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Alcohol and Pregnancy: Is 'A Little Bit' Safe?

Find out what experts say about whether light drinking is risky when you’re pregnant.
By Jen Uscher
WebMD Feature
Reviewed by Laura J. Martin, MD

If you're pregnant and wondering if it's OK to indulge in the occasional small glass of merlot or to sip a little champagne on New Year’s Eve, the advice you receive may be confusing.

Some doctors recommend that you completely avoid alcohol when you’re expecting; others say that occasional light drinking is unlikely to harm your baby.

Chances are your friends are divided on this, too. One might confide that she enjoyed the occasional beer during her pregnancy and feels her child turned out fine, while another sees this as taking an unnecessary risk.

For decades, researchers have known that heavy drinking during pregnancy can cause birth defects. But the potential effects of small amounts of alcohol on a developing baby are not well understood.

Whatever the risks, many moms-to-be are choosing not to totally give up alcohol. A recent CDC study found that about one in eight pregnant women in the U.S. report drinking at least one alcoholic beverage in the past month.

Here’s what doctors say pregnant women should keep in mind when deciding whether to drink lightly or to steer clear of alcohol altogether.

How Much Is Too Much?

“The problem with drinking alcohol during your pregnancy is that there is no amount that has been proven to be safe,” says Jacques Moritz, MD, director of gynecology at St. Luke’s-Roosevelt Hospital in New York.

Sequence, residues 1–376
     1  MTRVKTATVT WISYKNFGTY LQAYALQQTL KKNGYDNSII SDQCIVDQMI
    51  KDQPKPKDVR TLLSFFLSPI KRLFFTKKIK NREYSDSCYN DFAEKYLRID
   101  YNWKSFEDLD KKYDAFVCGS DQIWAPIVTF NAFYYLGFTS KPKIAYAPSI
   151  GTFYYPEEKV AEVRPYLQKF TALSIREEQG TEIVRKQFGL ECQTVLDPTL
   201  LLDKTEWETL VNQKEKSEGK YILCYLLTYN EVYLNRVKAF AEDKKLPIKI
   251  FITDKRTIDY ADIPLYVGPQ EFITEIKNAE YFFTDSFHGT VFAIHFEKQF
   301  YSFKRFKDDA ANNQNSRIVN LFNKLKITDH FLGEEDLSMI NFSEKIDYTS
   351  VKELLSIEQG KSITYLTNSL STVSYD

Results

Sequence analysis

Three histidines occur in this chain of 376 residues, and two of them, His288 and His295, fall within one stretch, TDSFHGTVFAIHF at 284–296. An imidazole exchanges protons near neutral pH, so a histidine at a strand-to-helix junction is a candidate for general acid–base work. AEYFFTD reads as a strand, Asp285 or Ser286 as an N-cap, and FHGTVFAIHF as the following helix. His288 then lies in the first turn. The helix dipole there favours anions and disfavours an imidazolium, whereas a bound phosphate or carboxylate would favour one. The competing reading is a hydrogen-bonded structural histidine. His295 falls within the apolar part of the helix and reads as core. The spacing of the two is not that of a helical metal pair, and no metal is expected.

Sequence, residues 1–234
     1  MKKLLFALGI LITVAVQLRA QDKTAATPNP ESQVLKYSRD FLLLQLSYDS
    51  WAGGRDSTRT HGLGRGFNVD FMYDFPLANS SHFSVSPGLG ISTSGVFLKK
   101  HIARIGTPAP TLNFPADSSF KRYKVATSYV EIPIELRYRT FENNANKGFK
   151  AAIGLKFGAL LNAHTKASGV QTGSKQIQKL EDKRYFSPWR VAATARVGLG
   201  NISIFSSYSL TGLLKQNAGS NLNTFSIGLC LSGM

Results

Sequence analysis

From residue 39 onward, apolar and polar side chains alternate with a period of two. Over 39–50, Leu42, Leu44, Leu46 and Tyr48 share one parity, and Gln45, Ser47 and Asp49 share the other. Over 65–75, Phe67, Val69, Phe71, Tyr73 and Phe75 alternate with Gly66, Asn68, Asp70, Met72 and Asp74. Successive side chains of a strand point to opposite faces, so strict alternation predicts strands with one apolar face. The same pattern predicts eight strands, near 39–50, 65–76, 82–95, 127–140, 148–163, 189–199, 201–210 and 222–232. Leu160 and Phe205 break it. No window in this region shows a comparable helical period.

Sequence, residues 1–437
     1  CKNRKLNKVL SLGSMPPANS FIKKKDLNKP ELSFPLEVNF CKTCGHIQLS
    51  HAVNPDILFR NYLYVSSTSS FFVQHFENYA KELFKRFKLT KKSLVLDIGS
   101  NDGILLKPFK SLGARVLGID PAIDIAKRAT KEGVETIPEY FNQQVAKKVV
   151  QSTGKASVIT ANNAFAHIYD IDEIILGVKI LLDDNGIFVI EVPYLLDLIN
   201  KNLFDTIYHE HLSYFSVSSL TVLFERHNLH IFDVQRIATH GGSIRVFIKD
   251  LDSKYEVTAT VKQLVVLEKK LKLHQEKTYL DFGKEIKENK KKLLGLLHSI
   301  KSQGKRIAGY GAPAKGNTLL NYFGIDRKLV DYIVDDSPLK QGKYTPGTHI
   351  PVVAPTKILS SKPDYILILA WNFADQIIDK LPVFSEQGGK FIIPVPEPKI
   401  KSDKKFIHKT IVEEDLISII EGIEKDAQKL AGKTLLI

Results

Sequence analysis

David Garry, DO, associate professor of clinical obstetrics and gynecology at the Albert Einstein College of Medicine and chair of the Fetal Alcohol Spectrum Disorders Task Force for the American College of Obstetricians and Gynecologists District II/NY, agrees. He says that researchers don’t know enough about the potential effects of drinking alcohol at particular times during the pregnancy to be able to say that any time is really safe.

It’s also difficult to predict the impact of drinking on any given pregnancy because some women have higher levels of the enzyme that breaks down alcohol.

“If a pregnant woman with low levels of this enzyme drinks, her baby may be more susceptible to harm because the alcohol may circulate in her body for a longer period of time,” Garry tells WebMD.

Because there are so many unknowns, the CDC, the U.S. Surgeon General, the American College of Obstetricians and Gynecologists, and the American Academy of Pediatrics advise pregnant women not to drink alcohol at all.

They note, on their web sites, that pregnant women who drink alcohol risk giving birth to a child with a fetal alcohol spectrum disorder (FASD). These conditions range from mild to severe and include speech and language delays, learning disabilities, abnormal facial features, small head size, and many other problems.

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